[Linux-aus] Some Anti-Harassment Policies considered harmful

Sarah Stokely sarah at foxforcefive.com
Tue Feb 1 10:58:02 EST 2011

Hi everyone,
First up, I'm glad to see a discussion of the anti-harrassment policy.
Thanks to everyone who's contributed so far, and those who have blogged
about it.
I was not at LCA this year, but I have been helping to organise the WordCamp
which is happening in Melbourne later this month, which is being run as an
LA subcommittee event. I recommended (and the WordCamp organisers agreed) to
adopt the Geek Feminism anti-harrassment policy for WordCamp this year.
So, clearly, I'm in favour of it.

Turning to the events at this year's LCA. One - Mark Pesce's keynote and
some of the sexual images in his slides. Two - people being harrassed by
photographers (definition of harrassment here: continued attention or
invitations which have been rebuffed by the receiver and persist anyway).
It's not clear to me why people think Mark's slides weren't the kind of
thing the policy is intended to stop. The anti-harrassment policy is trying
to do two things - one is an attempt to prevent direct harrassment, the
other is an attempt to ensure that LCA doesn't have an environment which is
perceived as sexist, unwelcoming or threatening to women (or anyone, for
that matter). I don't believe Mark was harrassing anyone directly, but I do
believe those kinds of images help create a sub-optimal environment for a
conference, and if left unchecked, could open the door to more people
feeling it's ok behaviour.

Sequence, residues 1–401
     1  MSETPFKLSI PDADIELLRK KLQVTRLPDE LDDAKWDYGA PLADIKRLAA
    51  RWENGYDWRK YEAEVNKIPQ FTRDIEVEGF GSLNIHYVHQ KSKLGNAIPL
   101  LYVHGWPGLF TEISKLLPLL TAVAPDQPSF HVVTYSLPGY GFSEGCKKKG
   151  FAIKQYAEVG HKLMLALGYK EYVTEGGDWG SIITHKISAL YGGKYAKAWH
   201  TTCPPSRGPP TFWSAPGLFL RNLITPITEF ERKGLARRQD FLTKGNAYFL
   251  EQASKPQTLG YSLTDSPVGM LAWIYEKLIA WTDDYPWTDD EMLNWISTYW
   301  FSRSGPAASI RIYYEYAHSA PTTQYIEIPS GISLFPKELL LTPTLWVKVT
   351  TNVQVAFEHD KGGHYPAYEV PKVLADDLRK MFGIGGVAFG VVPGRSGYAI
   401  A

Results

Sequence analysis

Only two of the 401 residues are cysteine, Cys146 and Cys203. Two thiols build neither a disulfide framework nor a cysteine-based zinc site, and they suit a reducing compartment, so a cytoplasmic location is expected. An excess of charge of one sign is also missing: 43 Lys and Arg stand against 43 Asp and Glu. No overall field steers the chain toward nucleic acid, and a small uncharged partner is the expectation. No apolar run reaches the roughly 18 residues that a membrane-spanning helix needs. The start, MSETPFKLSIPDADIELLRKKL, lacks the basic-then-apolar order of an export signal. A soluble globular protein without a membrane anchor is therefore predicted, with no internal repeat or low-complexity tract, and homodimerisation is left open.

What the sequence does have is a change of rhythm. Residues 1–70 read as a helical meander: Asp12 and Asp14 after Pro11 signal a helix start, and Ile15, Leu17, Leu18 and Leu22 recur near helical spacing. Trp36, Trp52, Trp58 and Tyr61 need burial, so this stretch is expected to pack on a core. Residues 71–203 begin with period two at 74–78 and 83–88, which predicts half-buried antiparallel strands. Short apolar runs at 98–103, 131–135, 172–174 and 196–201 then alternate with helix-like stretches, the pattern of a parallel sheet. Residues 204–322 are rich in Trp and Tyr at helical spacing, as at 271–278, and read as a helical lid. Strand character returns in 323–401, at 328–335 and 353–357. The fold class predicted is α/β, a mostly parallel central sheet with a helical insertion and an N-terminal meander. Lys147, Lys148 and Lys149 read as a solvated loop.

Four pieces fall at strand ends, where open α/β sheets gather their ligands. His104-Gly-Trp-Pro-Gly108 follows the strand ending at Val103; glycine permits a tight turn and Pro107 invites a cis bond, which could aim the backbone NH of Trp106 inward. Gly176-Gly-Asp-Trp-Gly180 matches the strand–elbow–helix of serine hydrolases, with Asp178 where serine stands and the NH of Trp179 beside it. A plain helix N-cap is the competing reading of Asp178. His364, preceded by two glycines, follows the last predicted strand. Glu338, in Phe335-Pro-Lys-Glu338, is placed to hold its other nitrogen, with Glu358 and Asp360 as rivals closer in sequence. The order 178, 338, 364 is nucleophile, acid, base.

If someone in my workplace had wallpaper on their computer which showed a
nude person in bondage, or a picture of bestiality - damn straight that's
inappropriate for the workplace. Displaying images like that have been used
in workplaces, both deliberately and I assume less consciously, to
intimidate or keep people out.

So, most people would have no qualms about saying that the images from
Mark's talk wouldn't be appropriate as their work computer wallpaper. And
it's for the same reason that they're not appropriate in a talk at LCA. It
was appropriate that this was communicated to Mark, and I'm glad to see he
apologised. This further sends a message reinforcing what is and isn't
appropriate at LCA.

I also wanted to add one point to the discussion. It's completely irrelevant
whether I am or am not personally offended by the images in Mark's talk. I
might hate the images, I might totally love the images, but still think
they're inappropriate for LCA. What Mark (or I) chose to look at when we
*choose* to look at sexual images is a different discussion altogether from
the discussion which is relevant here - which is whether or not it's
appropriate to show sexual images at a conference like LCA. LA and LCA
adopted the anti-harrassment policy because it's the view of the organisers
that sexual imagery isn't appropriate in this context. If you still don't
agree with this, imagine how stupid and racist you would look if you
defended someone for telling Aboriginal/muslim/jewish jokes in an LCA
keynote, because *you* didn't find the jokes offensive.

I'm also interested to know if anyone spoke to the rogue
photographer/photographers who didn't seem to understand that no means no.


Sarah Stokely
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